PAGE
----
However, this of course requires you to commit to your paid newsletter service for at least 12 months after each new subscriber signs up.
Here’s another paid newsletter from Fantasy Football Scout that includes a monthly and yearly subscription.
Furthermore, it’s good to set the newsletter subscription to the most favorable subscription by default, or prominently feature this preference. In most cases, that’s the annual subscription.
Let’s take Sinocism as an example—a paid newsletter membership by Bill Bishop that delivers news about China four times a week.
When people are on the newsletter’s signup landing page and fill in their email address, they get redirected to the page displayed below. The annual plan is automatically selected, though readers can also pick the free subscription or the monthly payment plan.
And as a final tip, we’d advise you to start with a free newsletter or have a free and paid newsletter version available. This makes it easier for people to get to know your brand and upgrade to the paid email newsletter version.
In your free newsletter, you can easily advertise your premium content. Add snippets of your paid content or outline the exclusive benefits that are available for paying subscribers.
Now we get to the practical part! Let’s first create the two needed accounts.
If you’re starting your paid newsletter business as an individual (not a business), you can select the sole proprietorship option when activating your Stripe account.
To use Stripe’s credit card payment system with MailerLite, you first need to connect the two services. You can do this in the Integrations part of your MailerLite dashboard. Click here for a detailed how-to article including all steps.
Once connected, you can add your newsletter subscription as a product in your Stripe dashboard. Add the name, description, a picture and choose whether the pricing is one time or recurring.
After saving your product in Stripe, you’re able to display it on the pages you build with MailerLite.
To learn more about the Stripe integration and how to sell digital products and subscriptions through MailerLite, click below.
We recommend creating a new landing page to promote your paid newsletter. With MailerLite, you can send email campaigns, build landing pages and even design entire websites (with our website builder). For the URL, you can use your own custom domain.
On your premium newsletter landing page you can introduce your digital product, convince people of its value and introduce yourself or your brand. Customer reviews can help to strengthen your pitch (a testimonial building block is available in the editor).
To integrate your digital product, drag the Stripe product block into your landing page from the sidebar. You’ll find it under the Product and subscriptions section in the Blocks tab.
To display your subscription, select the product you created in the previous step.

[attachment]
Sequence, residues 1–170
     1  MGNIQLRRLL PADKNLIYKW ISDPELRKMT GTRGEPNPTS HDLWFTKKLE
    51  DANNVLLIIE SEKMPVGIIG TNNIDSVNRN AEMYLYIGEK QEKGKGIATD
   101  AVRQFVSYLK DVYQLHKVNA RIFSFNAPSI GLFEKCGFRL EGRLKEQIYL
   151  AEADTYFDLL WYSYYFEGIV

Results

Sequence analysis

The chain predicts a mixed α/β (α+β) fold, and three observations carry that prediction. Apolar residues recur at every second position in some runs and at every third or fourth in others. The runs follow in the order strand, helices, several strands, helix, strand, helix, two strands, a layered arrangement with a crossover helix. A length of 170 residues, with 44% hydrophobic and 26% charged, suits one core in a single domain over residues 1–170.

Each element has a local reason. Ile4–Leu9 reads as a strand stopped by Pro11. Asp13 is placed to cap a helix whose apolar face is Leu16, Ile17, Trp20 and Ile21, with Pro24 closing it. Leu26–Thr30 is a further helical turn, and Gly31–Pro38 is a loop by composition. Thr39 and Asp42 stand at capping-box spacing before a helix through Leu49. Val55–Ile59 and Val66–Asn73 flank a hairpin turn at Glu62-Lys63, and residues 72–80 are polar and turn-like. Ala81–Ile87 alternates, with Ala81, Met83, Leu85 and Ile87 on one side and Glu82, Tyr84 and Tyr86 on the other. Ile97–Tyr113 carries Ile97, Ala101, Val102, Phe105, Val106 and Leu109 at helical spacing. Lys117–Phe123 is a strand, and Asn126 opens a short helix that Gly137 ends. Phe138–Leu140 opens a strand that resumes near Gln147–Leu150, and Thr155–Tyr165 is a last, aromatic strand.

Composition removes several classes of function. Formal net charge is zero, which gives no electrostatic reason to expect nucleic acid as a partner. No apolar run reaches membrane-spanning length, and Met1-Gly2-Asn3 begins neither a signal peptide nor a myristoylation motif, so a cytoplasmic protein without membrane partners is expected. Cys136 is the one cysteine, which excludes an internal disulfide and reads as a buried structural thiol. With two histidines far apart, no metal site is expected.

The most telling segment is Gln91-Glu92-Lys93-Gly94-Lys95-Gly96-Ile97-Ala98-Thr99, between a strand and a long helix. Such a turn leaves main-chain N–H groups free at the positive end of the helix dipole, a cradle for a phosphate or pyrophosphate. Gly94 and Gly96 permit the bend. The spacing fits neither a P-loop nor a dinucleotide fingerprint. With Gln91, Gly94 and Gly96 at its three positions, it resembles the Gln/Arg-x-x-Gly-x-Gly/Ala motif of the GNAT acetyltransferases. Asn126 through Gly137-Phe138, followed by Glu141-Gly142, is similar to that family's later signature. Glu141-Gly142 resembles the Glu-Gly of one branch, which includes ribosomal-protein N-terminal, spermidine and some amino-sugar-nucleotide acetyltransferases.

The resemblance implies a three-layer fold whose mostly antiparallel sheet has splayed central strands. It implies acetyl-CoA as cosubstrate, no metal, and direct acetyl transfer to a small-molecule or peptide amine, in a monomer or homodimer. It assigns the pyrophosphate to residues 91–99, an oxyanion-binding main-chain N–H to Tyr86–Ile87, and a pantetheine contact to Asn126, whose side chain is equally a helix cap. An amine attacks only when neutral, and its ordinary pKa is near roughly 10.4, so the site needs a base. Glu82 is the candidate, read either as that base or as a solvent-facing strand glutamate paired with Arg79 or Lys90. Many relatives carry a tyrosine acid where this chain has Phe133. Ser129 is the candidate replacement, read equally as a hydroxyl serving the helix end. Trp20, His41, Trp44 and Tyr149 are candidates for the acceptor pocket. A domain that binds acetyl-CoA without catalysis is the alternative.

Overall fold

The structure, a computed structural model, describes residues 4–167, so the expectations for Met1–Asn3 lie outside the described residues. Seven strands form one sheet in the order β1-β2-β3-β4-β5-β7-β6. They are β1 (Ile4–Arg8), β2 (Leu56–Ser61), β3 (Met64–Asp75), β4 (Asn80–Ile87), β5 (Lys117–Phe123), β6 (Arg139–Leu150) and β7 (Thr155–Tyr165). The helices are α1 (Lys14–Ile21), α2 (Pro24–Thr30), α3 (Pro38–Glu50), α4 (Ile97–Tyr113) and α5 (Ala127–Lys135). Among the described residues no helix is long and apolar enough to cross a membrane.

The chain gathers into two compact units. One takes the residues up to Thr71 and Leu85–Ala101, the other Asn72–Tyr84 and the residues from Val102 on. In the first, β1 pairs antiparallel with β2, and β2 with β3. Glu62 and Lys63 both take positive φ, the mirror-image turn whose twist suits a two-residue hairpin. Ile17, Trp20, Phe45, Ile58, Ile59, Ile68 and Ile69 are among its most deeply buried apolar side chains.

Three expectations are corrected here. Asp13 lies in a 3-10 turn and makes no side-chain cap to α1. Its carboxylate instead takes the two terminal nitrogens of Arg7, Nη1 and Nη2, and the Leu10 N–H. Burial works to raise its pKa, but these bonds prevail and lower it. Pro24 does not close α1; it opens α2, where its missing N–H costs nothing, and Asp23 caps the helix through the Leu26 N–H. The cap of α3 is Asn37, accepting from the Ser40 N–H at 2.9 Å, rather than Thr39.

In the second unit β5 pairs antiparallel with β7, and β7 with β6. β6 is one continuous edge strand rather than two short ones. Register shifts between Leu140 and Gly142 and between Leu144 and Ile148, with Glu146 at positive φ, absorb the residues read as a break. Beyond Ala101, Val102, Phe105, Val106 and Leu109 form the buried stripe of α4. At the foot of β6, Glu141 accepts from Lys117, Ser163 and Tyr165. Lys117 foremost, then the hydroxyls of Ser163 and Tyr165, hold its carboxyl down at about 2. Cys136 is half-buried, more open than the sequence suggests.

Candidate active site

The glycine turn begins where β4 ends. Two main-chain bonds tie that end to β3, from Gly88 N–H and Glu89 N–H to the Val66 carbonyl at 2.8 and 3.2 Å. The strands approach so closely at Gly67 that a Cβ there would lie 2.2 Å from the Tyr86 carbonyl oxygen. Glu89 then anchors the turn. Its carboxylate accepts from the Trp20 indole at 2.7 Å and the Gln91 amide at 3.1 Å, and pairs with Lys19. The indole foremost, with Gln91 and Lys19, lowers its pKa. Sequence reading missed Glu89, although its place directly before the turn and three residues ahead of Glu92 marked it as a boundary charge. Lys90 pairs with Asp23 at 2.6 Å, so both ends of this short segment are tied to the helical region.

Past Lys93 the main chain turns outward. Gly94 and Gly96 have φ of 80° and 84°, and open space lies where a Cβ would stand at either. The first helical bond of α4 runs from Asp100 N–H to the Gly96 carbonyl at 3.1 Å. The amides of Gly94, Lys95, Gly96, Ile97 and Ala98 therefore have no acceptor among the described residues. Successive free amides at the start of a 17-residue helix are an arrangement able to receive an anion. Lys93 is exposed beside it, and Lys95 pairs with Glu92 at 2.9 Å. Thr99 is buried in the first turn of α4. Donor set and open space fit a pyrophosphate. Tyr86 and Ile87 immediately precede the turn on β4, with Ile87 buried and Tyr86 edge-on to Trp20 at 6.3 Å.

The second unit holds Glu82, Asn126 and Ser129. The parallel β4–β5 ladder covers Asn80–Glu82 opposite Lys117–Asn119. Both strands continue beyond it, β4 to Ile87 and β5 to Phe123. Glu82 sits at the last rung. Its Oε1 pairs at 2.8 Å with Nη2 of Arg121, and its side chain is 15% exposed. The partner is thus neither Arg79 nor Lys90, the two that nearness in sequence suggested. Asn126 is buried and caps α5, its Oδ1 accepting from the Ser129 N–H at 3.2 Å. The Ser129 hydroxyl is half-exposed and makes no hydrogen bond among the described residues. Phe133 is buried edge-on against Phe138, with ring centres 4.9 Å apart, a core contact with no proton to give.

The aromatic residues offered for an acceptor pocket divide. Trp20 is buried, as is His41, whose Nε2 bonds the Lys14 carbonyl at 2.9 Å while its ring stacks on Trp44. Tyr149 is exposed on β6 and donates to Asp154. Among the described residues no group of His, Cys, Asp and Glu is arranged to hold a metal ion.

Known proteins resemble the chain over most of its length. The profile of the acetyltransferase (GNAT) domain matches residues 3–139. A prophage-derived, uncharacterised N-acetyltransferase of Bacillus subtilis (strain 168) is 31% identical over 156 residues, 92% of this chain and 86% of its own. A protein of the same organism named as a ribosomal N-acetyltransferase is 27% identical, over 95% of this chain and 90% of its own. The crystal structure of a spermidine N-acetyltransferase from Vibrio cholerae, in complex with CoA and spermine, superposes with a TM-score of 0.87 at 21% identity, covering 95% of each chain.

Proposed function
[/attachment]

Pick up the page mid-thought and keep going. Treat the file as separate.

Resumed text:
Each new paid subscriber will automatically receive a summary email that confirms their newsletter subscription. You can edit these emails to fit your brand style and tone of voice by clicking on the Sites section and then the Stripe tab in your MailerLite dashboard.
In your Stripe dashboard, you can edit the Billing and Payment settings—such as your branding or whether newsletter cancellations are effective immediately or at the end of the current billing period.
Click here for a step-by-step explanation on how to use Stripe product blocks in MailerLite, how to navigate the Stripe dashboard and how to analyze customer purchases.
If you want to see all the steps in action, watch the Stripe tutorial video below.
Now it’s time to start growing your email list. There are many ways to go about attracting new subscribers—actually, way too many to cover in this article.
Therefore, go ahead and bookmark these helpful guides and articles:
And for the moment supreme: you’re now ready to create the first edition of your subscription newsletter.
In the MailerLite app, you can pick from a variety of email templates or start building from scratch. Before you start building, take some time to define your email’s branding. This includes things like your logo, fonts, color scheme and other email design elements.
To get inspired, head over to our newsletter examples gallery and see the template examples for different industries.
After you’ve sent a couple of paid newsletters, a good way to promote your premium newsletter content is by showing readers examples.
To do so, you can use the newsletter archive block within the landing page and website builder. This block will either show up to four recent newsletters or editions you manually pick.
You can stack as many blocks as preferred underneath each other.
If you want to offer your full newsletter archive as an option for premium subscribers, you can build a separate landing page and lock this page with a password.
In this help article, you’ll learn how to password protect pages. The password can be shared with subscribers after they’ve signed up for your paid newsletter service, for example in an automated welcome email series.